It's been a week since we returned to the Philippines and we're still fighting, albeit unsuccessfully, a battle against jet lag. As had been the case in the past week, we woke up at around four last Saturday morning. I so wanted to go to Mt. Palay-palay for some serious birding, but a lingering headache just won't go away. A couple of hours later, the headache subsided significantly but it would be too late to go to Palay-palay to see the birds there, what with the sun already blazing fiercely this early in the morning.
So Cynthia and I opted for Plan B - the good ol' reliable campus of the University of the Philippines in Diliman, a mere 15 minutes away from home.
Despite being there quite early, we didn't see much. The Philippine Pygmy Woodpeckers were quite active though and we spotted several pairs busily searching for food.
A number of Pied Trillers were also out and would occasionally perch low enough to curiously eye the couple of birders below.
The Blue Rock Thrush was not at it's usual place near the MSI building and the Coppersmith Barbets were also a no-show. We tried the vicinity of the Main Library but there's wasn't much bird activity there either.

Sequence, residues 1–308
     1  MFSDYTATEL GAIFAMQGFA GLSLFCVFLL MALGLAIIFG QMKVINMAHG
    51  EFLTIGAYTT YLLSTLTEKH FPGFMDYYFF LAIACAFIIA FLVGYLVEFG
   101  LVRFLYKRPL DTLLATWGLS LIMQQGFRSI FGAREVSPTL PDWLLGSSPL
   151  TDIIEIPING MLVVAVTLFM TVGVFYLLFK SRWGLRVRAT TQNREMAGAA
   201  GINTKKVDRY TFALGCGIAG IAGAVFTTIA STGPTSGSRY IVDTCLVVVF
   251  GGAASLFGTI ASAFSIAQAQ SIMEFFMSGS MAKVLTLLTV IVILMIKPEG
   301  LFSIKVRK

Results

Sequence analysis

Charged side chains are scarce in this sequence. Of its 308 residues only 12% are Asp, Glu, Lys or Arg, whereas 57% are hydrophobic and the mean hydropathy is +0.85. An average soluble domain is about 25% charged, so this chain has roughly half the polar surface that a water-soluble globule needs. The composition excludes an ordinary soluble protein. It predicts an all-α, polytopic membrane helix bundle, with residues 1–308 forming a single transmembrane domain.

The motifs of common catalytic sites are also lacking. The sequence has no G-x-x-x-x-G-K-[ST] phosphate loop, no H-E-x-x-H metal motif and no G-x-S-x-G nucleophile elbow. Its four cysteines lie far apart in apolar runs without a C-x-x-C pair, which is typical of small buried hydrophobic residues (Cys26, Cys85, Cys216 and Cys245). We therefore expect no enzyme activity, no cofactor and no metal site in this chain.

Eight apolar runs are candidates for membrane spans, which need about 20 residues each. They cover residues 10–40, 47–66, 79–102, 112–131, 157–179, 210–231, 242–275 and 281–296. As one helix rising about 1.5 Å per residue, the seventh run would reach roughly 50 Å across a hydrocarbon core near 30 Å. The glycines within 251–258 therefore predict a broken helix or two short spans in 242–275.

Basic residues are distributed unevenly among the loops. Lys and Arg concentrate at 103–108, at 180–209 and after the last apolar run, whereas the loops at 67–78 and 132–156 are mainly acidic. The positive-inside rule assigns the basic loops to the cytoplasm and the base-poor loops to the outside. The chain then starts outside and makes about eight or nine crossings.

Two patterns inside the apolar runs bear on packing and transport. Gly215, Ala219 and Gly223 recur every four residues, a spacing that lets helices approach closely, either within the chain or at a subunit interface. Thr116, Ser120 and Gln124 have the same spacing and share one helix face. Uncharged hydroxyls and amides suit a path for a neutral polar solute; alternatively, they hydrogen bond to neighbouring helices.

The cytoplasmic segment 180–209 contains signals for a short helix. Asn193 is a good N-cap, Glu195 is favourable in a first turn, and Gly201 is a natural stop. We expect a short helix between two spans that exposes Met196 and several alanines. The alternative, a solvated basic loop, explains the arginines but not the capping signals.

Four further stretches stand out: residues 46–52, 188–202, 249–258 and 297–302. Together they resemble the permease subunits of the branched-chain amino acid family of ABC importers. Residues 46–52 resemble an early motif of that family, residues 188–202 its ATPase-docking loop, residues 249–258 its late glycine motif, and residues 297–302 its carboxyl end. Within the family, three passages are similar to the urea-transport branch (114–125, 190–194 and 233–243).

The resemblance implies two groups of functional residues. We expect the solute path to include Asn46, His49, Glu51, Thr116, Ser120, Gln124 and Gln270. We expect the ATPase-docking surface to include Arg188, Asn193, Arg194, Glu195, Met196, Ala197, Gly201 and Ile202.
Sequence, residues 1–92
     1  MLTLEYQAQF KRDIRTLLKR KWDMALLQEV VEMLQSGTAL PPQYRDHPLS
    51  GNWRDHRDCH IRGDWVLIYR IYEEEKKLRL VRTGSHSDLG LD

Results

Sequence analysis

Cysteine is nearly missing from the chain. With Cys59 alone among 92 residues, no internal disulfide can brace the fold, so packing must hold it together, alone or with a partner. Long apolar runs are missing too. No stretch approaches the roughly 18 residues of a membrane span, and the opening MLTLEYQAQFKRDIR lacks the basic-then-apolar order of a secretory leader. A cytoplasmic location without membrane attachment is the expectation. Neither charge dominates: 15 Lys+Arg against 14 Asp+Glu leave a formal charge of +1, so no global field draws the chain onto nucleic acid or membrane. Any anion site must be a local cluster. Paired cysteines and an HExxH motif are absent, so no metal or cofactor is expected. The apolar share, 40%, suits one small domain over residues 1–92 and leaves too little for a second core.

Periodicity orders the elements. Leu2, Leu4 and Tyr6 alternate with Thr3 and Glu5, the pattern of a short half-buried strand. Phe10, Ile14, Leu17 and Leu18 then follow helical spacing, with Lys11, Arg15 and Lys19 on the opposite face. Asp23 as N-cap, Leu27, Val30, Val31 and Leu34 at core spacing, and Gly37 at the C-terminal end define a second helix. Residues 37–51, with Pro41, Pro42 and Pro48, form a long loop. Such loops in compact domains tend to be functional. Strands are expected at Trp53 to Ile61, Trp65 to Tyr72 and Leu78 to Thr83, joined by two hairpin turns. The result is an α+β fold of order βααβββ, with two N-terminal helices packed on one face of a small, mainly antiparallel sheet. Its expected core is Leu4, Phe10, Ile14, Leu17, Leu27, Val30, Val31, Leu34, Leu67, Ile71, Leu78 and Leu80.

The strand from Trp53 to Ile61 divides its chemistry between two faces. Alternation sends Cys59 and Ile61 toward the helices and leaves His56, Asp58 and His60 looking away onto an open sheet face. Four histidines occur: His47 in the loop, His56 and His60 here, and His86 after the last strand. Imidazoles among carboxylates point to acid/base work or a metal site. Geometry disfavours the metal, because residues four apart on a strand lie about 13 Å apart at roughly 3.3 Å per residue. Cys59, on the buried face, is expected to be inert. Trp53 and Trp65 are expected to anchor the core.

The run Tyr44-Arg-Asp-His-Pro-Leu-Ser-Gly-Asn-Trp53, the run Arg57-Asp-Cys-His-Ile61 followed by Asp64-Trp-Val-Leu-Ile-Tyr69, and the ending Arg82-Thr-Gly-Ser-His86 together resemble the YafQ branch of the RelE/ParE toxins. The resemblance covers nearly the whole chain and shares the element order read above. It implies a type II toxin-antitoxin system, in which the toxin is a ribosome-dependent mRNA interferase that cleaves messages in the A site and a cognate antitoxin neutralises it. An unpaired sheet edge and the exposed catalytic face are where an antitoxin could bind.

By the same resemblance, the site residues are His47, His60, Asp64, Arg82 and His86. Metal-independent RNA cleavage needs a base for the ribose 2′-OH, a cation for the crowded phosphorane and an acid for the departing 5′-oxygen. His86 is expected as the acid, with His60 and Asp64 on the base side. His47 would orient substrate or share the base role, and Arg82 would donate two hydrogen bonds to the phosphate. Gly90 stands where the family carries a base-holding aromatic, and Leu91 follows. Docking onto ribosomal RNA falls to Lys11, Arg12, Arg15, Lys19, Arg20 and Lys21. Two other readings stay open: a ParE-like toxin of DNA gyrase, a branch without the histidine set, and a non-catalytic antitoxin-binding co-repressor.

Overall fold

I suggested we try the Beta Way where friend and fellow-birder Maia Tanedo saw an Oriental Cuckoo earlier in the week, hoping we would be just as lucky. Just as we entered the path we were pleasantly surprised to find not just Maia, but also Jops Josef, and brothers Mark Jason and Vj Argallon. And yes, they had the Oriental Cuckoo in their sights. For the next hour or so, we went nuts as we played some sort of a hide-and-seek game with the uncommon bird. It would stay in the dark recesses of an acacia tree and then suddenly would dart off and grab a flying insect in midair, alight on a branch to finish it's meal, wait for another prey and repeat the scenario all over again. Until finally it flew off leaving my wife and I thrilled (did I mention that it was a lifer for us?), energized (despite the stifling summer heat), and happy (for meeting old friends and gaining new ones).
And oh, as a bonus there were at least a couple of Grey-streaked Flycatchers in the area as well that were so oblivious of us as we were (almost) of them.
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